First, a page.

Why don’t you spell out to Kim Jong that you don’t want war, that the rest of the world don’t hate the citizens of North Korea and do not mean them any harm. I suspect many actually sympathise with a population so brainwashed that they actually feel under threat. You need to start a personal dialogue with him for the sake of your grandchildren and mine.
When I woke this morning the first thing I did was to check the news to ensure you hadn’t started WW3 while I was sleeping. How frightened the younger generation must be feeling. They deserve to be brought up in a world where the threat of nuclear war is not occurring almost on a daily basis. You have called out previous Presidents for not sorting it. Well now is the time to put your money where your mouth is and sort it.
So please for all those who just want to get on with life , which is short, please take advice from those who have the experience and wisdom to do the right thing
Remember that the NK situation will need a win /win resolution .Any thing other than that will be disastrous.
And by the way stop putting on the hypocritical act of praying with the evangelicals. They are a throwback to biblical times and I know deep down you accept their adulation for the sake of votes
Finally have a nice day.
A citizen of the world
I only got involved in politics in 2013 when I was introduced to NI21 by my late friend Olive Buckley. I liked the fact that it was different from other Northern Ireland parties and it was new. I don’t need to tell you how that ended but safe to say I was bitterly disappointed and vowed never to join another political party again. However interacting on social media with others I couldn’t keep stop putting my h’pennys worth and I couldn’t resist commenting on something in the news. My favourite programmes were now The View and local politics shows. Talkback with William Crawley was a must and if I wakened in time I’d dip into the Nolan show. I began to read articles, Famiarize myself with the elected political figures and the parties they represented.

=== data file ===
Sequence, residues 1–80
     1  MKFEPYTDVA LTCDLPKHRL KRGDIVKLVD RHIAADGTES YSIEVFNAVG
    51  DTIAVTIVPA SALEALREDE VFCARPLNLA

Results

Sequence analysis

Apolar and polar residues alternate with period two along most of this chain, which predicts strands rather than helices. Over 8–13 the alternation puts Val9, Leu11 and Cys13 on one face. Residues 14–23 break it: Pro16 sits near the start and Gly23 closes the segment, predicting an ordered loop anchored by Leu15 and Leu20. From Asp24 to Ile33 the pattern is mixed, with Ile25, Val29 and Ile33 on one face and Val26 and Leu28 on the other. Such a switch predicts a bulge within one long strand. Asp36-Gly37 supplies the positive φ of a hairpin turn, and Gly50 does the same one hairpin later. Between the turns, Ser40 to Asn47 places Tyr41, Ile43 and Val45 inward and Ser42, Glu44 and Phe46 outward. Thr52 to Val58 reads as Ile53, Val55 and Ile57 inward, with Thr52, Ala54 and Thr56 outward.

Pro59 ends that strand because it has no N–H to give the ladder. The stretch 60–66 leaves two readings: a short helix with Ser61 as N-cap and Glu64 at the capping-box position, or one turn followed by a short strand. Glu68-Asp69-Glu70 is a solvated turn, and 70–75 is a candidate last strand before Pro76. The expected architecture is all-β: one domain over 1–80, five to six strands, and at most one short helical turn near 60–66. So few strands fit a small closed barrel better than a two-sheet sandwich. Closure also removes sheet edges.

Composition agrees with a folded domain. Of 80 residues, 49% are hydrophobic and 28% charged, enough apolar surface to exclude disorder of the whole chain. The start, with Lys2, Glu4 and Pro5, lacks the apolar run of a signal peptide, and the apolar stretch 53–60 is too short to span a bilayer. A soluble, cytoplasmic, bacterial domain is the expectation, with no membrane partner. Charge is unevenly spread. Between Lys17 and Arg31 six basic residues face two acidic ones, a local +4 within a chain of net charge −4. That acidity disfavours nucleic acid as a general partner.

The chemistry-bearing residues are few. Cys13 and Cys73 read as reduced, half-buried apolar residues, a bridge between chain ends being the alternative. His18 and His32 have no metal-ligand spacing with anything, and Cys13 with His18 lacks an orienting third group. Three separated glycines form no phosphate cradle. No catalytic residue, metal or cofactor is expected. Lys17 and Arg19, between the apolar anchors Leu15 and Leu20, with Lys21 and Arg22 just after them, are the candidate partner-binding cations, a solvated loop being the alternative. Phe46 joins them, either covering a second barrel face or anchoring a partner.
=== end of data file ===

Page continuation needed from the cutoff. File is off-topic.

Not long ago I was asked to join a group who were contemplating launching a new party but I had been through that before and at my age I needed a party that was well established, fulfilled at least 95 per cent of my beliefs and was non sectarian. I had voted at the last election for Alliance. I had interacted with members of the party on social media and in my role as a member of the steering committee for opengovni.
I found them to be approachable and Alliance, represented by Stewart Dixon, was happy to meet us and discuss what open government was all about. I was delighted when Naomi Long become leader as I felt she could transfer a lot of what she had learned in Westminster to the assembly and to the broader party. It would be impossible to get a party that ticked all boxes but Alliance comes closest to my wish list. I was pleased and impressed when my 16 year old grandson also became interested in politics. He also joined the Alliance party ( that reduced membership fee was a great incentive for younger people) and so the two of us headed to Stormont on Thursday night to a ‘meet and greet ‘for new members. The long gallery was packed with new and some ‘old’ members. A huge turnout. After some interaction and a quick cuppa with the other attendees and after some introductions the lady herself, Naomi Long, took the stand and despite a long and tiring day gave a rousing ‘call to battle’. Hopefully not a ‘brutal ‘ election as some have predicted. So come election day I will be voting Alliance in East Belfast and hoping that this is the time that the voters will step away from orange and green politics and vote for ‘bread and butter ‘ issues. I know Naomi will do a grand job in helping to normalise politics in our ‘wee country ‘ and challenging those who seek to undermine it. She will hold other parties to account and she will be fair and measured in her responses. I admire how she stays calm on social media when confronted with trolls.
I hope in this upcoming election, Alliance, and indeed all the opposition parties do well and will come back stronger and in a position to challenge the openness and transparency that are lacking in today’s assembly.